Employees Push to Unionize at More Than 50 Starbucks Locations

Employees Push to Unionize at More Than 50 Starbucks Locations starbucks workers from buffalo speak at seattle rally in support of stores that want to unionize

Starbucks barista Casey Moore, part of the organizing committee in Buffalo, N.Y., speaks on Jan. 25, 2022, at a rally in Seattle in support of workers at Seattle Starbucks locations that announced plans to unionize. (Jason Redmond/AFP via Getty Images)

By Nicole Wells | Monday, 31 January 2022 06:39 PM

Following the lead of workers at a Buffalo, New York, store last month, employees at more than 50 Starbucks locations have petitioned to unionize, according to the Workers United labor union.

An affiliate of the Service Employees International Union, Workers United is organizing the Starbucks campaign and said on Monday that 15 more stores filed for union elections with the National Labor Relations Board.

''Our movement is only growing,'' the labor union tweeted. ''Partners around the country are standing up for what's right and we couldn't be more inspired!''

In an indication that the organizing effort is spreading quickly, 54 Starbucks locations in 19 states have petitioned to unionize.

Starbucks has cautioned its employees against unionization and urged them to resist the effort. Last month, the Seattle-based coffee chain said it did not want unions acting as the middleman between the company and its workers but said it would ''respect the legal process'' and ''bargain in good faith'' with the Buffalo store that voted 19-8 to unionize.

''Our hope is that union representatives also come to the table with mutual good faith, respect and positive intent," Rossann Williams, the company's president of retail for North America, wrote in a letter to employees.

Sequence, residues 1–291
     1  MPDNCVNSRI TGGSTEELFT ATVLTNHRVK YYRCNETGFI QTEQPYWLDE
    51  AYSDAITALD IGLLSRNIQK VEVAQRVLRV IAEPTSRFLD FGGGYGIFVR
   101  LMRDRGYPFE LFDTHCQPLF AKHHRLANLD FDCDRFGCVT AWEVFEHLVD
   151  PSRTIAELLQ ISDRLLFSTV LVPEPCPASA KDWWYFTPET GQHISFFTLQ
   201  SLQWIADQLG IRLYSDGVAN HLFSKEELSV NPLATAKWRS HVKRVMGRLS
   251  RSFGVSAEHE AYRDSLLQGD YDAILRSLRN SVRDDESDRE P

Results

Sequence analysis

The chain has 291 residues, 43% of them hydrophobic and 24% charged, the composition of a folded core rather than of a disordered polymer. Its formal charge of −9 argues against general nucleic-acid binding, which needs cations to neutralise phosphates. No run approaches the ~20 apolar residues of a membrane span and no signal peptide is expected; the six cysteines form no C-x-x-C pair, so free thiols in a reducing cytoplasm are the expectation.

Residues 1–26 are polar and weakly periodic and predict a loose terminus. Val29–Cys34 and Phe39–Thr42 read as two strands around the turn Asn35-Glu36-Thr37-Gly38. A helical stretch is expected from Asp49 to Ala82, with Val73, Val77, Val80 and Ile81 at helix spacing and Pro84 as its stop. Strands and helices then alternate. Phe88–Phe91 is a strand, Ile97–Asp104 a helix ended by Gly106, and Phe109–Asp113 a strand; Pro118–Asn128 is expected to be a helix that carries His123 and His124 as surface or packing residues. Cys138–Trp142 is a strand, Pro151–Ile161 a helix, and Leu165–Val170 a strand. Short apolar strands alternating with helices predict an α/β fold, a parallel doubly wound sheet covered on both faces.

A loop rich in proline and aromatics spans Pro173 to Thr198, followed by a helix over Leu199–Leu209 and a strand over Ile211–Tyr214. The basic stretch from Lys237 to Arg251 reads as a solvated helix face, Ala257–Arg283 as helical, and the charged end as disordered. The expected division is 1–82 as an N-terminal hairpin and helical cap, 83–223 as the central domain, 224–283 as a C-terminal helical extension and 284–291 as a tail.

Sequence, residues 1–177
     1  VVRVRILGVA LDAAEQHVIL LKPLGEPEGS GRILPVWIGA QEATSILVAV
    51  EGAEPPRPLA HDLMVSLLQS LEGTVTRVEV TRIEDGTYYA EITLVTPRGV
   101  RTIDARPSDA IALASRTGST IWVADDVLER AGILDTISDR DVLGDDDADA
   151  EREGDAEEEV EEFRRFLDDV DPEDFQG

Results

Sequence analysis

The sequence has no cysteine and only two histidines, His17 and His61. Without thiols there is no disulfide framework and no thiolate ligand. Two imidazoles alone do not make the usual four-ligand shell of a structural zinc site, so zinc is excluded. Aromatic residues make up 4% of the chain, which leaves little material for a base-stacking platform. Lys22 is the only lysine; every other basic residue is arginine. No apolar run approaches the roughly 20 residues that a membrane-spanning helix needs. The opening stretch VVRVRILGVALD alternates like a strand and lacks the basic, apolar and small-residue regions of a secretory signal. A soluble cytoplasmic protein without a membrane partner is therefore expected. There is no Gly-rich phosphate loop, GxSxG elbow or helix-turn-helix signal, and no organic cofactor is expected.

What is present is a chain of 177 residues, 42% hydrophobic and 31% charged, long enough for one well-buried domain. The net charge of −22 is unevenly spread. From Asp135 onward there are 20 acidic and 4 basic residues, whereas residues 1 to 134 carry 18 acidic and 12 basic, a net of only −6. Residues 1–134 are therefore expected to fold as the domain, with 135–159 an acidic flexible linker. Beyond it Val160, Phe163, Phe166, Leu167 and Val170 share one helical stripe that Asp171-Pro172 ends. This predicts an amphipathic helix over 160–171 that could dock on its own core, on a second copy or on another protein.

After a 15-9 vote earlier this month, a separate Buffalo location became the second Starbucks store to unionize. According to Workers United, another store is awaiting election results and a fourth store in Arizona will count votes on Feb. 16.

Labor organizers say the unionization of one Starbucks store in Buffalo could be ''the tip of the iceberg.''

''The pandemic has laid bare the typical lip service that workers get,'' Christian Sweeney, deputy organizing director of the AFL-CIO labor union, told NBC News. ''There's been lots of praise for people doing grunt work,'' but few worker gains, he said.

''Workers doing essential work have higher expectations that they're going to see wages and benefits reflect the essential nature of their work,'' Sweeney added.

Organizing activity is growing at restaurants and other food establishments and among e-commerce delivery and distribution center workers, he said.

Original Article